Low-Flow Characteristics of the Mississippi River
Upstream from the Twin Cities Metropolitan Area, MN, 1932-2007
Twin Cities metropolitan water supply planning is an ongoing issue. While most municipalities obtain their public supply water from increasingly stressed ground-water sources, the Metropolitan Council is investigating the option of using surface-water sources for future demand, in particular, the Mississippi River. Minneapolis, St. Cloud and St. Paul obtain all or most of their water from the Mississippi River and the question arises as to how much more water could be withdrawn from these main sources of water without going below the minimum threshold of sustained flow. Water levels are maintained in the Mississippi River in the Minneapolis and St. Paul area through a complicated array of upstream reservoir water releases and natural flow in tributaries to the Mississippi River. Understanding current water use needs and water management/release practices on the Mississippi River and its tributaries super imposed with drought conditions that have been documented in history is key to understanding water sustainability in the Twin Cities metropolitan area.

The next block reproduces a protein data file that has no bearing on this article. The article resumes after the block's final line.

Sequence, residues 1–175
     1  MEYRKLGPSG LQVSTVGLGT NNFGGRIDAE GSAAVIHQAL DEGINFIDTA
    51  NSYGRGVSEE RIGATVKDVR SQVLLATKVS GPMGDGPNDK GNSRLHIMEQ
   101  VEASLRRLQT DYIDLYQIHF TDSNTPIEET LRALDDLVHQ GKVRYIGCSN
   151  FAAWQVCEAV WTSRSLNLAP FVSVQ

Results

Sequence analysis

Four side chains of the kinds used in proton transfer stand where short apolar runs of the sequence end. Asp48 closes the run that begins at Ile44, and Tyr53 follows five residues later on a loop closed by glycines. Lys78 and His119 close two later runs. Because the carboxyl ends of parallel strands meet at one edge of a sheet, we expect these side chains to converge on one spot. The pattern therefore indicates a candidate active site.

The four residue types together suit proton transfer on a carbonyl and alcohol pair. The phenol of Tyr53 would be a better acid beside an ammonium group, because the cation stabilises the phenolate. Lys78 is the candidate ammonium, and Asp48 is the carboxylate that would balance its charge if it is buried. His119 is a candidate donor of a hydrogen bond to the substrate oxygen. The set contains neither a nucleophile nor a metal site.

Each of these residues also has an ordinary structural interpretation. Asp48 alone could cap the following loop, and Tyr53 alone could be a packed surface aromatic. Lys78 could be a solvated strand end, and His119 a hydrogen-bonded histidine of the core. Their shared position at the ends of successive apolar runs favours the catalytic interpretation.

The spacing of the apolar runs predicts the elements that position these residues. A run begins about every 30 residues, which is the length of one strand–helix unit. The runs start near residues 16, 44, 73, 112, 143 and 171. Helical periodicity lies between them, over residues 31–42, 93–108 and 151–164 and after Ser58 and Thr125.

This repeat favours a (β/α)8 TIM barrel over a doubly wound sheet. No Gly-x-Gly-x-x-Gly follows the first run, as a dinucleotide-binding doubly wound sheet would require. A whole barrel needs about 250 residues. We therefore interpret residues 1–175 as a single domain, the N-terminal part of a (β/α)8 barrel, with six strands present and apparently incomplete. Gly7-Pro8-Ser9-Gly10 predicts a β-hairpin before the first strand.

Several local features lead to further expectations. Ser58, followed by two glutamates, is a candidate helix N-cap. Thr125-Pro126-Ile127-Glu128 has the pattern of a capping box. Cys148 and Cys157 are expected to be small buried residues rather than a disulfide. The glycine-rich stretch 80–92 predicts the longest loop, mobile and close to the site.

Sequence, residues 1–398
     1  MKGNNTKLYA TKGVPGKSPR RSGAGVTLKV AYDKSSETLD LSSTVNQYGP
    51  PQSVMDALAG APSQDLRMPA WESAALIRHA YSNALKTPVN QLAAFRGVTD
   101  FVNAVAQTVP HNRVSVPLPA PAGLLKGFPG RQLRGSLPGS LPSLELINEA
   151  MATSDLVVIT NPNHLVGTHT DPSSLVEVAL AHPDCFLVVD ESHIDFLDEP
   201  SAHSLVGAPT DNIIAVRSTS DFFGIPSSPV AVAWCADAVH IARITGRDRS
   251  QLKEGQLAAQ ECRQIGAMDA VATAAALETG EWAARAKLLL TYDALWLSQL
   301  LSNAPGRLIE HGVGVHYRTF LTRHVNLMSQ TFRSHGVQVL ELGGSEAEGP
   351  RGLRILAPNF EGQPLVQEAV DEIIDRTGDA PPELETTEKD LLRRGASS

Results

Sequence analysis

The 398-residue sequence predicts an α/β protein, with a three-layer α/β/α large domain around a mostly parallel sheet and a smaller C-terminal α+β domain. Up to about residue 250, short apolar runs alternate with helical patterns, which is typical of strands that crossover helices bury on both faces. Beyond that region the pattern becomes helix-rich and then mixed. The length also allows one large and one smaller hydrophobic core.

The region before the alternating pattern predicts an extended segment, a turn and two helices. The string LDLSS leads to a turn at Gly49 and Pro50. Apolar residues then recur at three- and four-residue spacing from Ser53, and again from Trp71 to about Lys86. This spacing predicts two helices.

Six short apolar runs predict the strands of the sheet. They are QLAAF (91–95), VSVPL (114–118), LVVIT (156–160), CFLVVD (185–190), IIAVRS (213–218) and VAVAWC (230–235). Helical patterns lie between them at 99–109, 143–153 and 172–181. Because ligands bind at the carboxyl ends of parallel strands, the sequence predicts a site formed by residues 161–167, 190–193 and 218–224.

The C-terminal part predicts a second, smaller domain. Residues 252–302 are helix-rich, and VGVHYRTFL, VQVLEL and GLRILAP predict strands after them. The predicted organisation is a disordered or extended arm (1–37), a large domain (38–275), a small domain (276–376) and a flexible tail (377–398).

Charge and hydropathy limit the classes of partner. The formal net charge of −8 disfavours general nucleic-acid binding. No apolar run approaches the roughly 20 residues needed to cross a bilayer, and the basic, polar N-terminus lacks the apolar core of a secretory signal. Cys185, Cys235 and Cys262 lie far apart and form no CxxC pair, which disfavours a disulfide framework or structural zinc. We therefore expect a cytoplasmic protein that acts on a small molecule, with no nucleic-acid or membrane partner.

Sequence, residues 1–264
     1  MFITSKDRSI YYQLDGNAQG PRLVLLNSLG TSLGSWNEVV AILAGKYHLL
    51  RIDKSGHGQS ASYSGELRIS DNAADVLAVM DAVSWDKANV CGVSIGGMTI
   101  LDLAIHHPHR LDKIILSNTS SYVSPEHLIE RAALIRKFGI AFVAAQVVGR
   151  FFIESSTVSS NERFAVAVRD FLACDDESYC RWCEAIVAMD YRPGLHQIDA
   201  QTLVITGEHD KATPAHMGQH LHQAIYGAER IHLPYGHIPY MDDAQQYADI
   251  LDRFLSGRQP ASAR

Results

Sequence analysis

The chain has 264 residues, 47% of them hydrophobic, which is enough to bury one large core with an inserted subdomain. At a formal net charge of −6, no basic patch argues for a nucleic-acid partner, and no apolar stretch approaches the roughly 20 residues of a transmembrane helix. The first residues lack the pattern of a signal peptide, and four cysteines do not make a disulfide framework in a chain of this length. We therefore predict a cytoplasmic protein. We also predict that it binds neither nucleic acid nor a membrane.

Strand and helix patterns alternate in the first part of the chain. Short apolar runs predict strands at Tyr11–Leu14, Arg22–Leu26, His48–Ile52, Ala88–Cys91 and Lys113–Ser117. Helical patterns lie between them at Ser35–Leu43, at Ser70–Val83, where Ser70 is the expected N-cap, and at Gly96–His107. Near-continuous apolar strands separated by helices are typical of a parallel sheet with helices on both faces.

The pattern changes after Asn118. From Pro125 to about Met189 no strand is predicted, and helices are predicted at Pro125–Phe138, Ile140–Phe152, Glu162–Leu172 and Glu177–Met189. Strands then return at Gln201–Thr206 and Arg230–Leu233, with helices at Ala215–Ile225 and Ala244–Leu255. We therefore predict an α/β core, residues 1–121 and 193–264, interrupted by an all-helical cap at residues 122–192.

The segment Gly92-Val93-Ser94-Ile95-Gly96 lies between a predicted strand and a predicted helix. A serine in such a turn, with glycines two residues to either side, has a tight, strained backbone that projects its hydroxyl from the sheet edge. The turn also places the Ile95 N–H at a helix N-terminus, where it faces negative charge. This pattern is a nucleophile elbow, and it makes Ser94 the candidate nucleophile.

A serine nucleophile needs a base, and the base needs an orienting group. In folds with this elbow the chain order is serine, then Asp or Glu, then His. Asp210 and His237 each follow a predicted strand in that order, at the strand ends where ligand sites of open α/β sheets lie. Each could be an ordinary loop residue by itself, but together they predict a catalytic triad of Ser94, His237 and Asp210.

The Metropolitan Council, in cooperation with the U.S. Geological Survey Minnesota Geological Survey, characterized regional low flows in the Mississippi River basin above Anoka, Minn. and estimated the likelihood of extremely low flows in the Mississippi River near Anoka. A secondary objective was to describe the low-flow profile of the Mississippi River between the confluence of the Crow River and St. Anthony Falls.
Improved understanding of water sustainability in the Twin Cities metropolitan area, through improved understanding of water use needs and water management/release practices on the Mississippi River and its tributaries, super imposed with drought conditions that have been documented in history.